It’s not quite the welcome back that state Sen.-elect Bill Diamond, D-Windham, expected.

“No kidding around, this is almost a religious responsibility we’ve been charged with,” Diamond said Monday during a hallway interview at the State House. “We’re talking about protecting the sanctity of the voter in Maine.”

Or so we can only hope.

It’s way too soon to drop the f-bomb – as in “fraud” – on last month’s disputed recount in Senate District 25, where 21 “phantom ballots” from tiny Long Island tipped the final tally away from Democrat Cathy Breen of Falmouth and toward Republican Cathy Manchester of Gray.

But as Manchester takes her provisional seat this morning among the Senate’s new Republican majority, two things are already clear:

First, election officials on Long Island have some serious explaining to do.

And second, it looks like the Senate committee charged with unraveling this mess will be up to the task.

Diamond, a longtime lawmaker and former secretary of state who is returning to Augusta after a two-year absence, will sit on the panel alongside fellow Democrats Sen. Stan Gerzofsky of Brunswick and Sen. Dawn Hill of Cape Neddick.

On the Republican side, meanwhile, Sen. Roger Katz of Augusta will chair the committee along with three Republican colleagues to be named this morning by incoming Senate President Michael Thibodeau.

Meaning the days of partisan broadsides – the Democrats have strongly implied there’s something sinister going on here, while the Republicans have insisted it’s much ado about nothing – will finally give way to a far more useful examination of what actually happened out on Long Island just over a month ago.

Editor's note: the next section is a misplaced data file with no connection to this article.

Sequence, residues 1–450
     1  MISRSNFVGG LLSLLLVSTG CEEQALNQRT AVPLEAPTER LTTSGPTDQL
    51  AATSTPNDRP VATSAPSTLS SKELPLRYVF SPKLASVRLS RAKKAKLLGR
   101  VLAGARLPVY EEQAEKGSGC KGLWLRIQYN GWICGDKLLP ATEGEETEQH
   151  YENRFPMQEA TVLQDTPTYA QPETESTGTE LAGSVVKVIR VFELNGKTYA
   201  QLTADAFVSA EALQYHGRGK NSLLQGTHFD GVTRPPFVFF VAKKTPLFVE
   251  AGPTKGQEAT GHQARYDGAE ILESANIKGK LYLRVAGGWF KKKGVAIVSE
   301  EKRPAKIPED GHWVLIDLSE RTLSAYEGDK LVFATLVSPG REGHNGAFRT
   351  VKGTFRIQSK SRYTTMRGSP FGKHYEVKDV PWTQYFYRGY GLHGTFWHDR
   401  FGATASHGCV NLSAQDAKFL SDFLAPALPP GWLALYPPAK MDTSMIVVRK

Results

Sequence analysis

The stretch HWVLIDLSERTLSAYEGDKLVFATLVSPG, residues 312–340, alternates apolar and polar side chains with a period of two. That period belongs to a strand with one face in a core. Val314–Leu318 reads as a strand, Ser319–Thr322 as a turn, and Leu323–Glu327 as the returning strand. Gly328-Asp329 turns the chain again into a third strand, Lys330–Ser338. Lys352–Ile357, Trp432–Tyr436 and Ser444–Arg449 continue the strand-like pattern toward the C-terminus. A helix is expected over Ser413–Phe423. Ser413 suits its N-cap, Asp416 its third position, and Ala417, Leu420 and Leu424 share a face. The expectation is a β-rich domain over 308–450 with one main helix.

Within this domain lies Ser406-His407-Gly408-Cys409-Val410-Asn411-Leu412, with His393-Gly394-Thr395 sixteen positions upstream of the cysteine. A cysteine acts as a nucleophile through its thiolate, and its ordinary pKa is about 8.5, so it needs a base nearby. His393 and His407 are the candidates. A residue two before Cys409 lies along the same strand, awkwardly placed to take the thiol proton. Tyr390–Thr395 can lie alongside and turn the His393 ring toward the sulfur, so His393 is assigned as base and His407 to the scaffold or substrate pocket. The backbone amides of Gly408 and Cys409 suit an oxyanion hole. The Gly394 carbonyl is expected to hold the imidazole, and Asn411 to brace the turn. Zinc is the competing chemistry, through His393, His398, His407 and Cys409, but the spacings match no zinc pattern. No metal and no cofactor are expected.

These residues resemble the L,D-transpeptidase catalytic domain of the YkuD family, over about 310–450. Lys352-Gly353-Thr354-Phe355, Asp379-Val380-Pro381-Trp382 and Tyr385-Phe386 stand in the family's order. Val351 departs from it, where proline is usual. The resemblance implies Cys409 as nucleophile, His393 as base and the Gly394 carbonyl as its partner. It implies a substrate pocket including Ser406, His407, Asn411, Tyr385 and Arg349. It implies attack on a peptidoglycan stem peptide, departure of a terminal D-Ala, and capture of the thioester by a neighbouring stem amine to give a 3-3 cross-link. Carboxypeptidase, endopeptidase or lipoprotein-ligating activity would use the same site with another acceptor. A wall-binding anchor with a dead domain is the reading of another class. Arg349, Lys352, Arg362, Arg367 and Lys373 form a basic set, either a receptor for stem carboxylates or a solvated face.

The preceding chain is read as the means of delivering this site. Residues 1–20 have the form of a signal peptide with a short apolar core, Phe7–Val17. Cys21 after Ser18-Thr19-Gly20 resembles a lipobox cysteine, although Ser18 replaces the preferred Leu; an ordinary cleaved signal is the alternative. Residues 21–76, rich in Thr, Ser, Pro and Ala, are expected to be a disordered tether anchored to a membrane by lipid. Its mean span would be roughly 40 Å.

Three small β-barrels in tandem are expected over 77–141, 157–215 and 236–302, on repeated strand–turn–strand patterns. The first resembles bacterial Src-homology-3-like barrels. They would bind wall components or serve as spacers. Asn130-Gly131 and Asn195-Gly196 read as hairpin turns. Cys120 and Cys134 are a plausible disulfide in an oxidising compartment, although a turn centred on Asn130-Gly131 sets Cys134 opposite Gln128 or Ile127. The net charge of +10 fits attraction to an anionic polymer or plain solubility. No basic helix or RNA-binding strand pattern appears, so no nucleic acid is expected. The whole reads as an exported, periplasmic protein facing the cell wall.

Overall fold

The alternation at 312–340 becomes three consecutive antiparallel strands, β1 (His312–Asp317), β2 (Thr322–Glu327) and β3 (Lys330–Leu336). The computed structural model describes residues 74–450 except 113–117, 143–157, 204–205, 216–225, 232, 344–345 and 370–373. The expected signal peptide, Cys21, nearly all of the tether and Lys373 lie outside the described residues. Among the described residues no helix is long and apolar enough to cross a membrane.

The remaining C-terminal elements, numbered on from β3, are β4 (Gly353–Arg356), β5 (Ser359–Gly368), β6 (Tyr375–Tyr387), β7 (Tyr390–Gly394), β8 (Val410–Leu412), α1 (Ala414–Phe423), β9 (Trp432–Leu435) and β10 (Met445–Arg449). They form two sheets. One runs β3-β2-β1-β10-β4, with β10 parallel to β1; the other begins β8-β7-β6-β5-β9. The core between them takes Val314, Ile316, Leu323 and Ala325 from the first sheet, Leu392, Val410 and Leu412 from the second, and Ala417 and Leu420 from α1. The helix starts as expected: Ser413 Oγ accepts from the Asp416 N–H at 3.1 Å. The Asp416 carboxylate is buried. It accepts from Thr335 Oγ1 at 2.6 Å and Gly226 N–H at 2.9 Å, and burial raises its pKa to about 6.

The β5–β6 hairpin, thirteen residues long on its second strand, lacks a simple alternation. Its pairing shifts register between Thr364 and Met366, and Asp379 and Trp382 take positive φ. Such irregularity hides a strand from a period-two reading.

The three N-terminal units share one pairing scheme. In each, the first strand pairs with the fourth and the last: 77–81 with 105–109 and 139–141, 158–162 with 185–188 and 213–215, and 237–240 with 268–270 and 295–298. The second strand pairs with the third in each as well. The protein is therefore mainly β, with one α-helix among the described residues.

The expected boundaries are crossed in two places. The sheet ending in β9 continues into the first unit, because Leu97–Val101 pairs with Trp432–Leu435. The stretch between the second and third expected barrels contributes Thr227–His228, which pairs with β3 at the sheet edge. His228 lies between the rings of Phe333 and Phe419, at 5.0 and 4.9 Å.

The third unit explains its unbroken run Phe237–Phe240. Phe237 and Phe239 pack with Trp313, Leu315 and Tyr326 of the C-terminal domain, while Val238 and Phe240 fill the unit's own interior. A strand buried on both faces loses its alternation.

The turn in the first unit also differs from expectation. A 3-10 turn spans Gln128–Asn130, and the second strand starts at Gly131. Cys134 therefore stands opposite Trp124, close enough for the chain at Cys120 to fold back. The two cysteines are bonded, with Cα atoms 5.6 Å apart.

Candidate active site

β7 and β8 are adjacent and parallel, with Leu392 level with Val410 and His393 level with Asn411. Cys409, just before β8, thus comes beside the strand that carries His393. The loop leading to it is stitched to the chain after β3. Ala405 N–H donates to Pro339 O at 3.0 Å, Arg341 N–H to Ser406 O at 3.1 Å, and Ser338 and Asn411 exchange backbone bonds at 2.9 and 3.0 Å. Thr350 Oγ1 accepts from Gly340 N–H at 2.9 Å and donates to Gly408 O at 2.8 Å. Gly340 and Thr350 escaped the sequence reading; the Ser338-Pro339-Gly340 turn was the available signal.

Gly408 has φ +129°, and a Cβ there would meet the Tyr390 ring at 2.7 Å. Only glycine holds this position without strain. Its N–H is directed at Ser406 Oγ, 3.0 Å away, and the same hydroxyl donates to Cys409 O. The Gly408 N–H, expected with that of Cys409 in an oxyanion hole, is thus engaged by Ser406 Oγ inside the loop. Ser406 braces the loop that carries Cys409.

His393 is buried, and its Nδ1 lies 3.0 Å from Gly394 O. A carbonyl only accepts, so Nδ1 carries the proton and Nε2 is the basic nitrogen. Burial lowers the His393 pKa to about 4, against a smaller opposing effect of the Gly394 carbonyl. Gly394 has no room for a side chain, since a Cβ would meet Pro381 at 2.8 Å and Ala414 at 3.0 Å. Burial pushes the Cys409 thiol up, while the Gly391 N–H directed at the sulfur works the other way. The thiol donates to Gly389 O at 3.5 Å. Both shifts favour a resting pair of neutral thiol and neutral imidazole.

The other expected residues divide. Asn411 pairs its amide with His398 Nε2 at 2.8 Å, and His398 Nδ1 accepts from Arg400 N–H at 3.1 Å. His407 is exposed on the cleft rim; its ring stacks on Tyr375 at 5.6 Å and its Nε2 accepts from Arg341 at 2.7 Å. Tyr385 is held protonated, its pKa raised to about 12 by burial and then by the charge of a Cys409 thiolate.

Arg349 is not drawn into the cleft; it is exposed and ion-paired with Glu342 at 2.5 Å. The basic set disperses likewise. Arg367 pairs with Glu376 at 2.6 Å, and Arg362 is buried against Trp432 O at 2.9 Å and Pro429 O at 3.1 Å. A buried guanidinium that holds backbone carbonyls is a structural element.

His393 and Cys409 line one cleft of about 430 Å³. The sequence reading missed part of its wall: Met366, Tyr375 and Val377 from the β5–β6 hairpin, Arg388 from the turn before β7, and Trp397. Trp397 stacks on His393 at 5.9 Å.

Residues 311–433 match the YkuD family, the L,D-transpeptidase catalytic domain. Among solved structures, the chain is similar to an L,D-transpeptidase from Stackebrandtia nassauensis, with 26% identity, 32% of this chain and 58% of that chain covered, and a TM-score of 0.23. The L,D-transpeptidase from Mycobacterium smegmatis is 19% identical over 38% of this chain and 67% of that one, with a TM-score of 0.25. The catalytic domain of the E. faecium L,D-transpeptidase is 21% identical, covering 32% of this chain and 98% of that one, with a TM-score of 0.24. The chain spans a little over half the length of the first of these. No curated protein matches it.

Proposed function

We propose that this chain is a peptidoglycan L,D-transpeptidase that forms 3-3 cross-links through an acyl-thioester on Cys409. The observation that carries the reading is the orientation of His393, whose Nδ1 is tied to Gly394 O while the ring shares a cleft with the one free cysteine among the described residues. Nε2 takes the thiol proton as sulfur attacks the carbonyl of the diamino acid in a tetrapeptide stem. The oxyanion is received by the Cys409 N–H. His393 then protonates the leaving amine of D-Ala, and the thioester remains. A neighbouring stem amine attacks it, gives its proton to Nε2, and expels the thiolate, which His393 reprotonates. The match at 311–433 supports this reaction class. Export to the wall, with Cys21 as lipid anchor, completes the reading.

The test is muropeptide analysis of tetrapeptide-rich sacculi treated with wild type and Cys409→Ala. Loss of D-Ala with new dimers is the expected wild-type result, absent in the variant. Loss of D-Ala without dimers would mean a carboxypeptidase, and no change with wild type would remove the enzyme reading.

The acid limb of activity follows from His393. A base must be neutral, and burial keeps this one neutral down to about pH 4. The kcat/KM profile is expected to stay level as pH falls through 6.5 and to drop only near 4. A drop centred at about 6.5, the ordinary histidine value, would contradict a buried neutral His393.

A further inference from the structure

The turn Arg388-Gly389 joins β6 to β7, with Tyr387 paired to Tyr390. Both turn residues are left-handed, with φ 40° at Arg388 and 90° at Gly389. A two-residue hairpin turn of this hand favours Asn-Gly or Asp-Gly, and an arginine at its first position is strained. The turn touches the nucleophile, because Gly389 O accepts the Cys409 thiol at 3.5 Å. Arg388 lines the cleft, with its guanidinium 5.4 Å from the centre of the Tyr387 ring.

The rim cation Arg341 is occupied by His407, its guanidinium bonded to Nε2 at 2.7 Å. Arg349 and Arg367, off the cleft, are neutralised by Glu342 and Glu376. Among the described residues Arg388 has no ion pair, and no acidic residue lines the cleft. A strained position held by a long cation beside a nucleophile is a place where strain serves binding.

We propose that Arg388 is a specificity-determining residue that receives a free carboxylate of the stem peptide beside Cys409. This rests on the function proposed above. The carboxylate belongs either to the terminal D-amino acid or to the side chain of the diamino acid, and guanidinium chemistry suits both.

Cooler heads, most notably seasoned moderates Katz and Diamond, can now take up the daunting task of determining exactly how the District 25 recount produced 21 more ballots than the number of voters who officially showed up at the polls. And how every last one of those extra ballots was marked for Manchester, helping to propel her from a 32-vote deficit before the recount to an 11-vote victory afterward.

“We want to get it right,” Katz said in an interview Tuesday. “It’s about the sanctity of the institution and I think all of us take that very seriously. ”

Echoed Diamond, “We’re simply saying at this point that these questions are too big to hide. We have to answer them.”

Actually, the folks on Long Island have to answer them – starting with Town Clerk Brenda Singo, who served Nov. 4 as the town’s chief election warden.

So far, Singo has done little to dispel the mystery surrounding an anomaly that by most accounts is without precedent in Maine’s recent electoral history.

Case in point: Singo told the Press Herald’s Steve Mistler on Monday that she couldn’t remember the names of the other clerks involved in counting Long Island’s ballots. She then referred all other questions about the vote count to Secretary of State Matthew Dunlap, who last week declared the whole mess “constitutionally in the purview of the Maine state Senate.”

So, with the political currents swirling like an outgoing tide in Hussey Sound, where does a Senate committee begin?

At the very beginning, that’s where. Without a timeline showing exactly who did what from the moment the polls opened Nov. 4 to the moment Long Island’s ballot box was locked and sealed with 171 tabulated ballots purportedly inside, this probe will go nowhere fast.

Beyond that, this is not rocket science. It’s simple math.

Long Island has 238 registered voters. According to the incoming voter list compiled on Election Day, 171 of those voters showed up and cast ballots.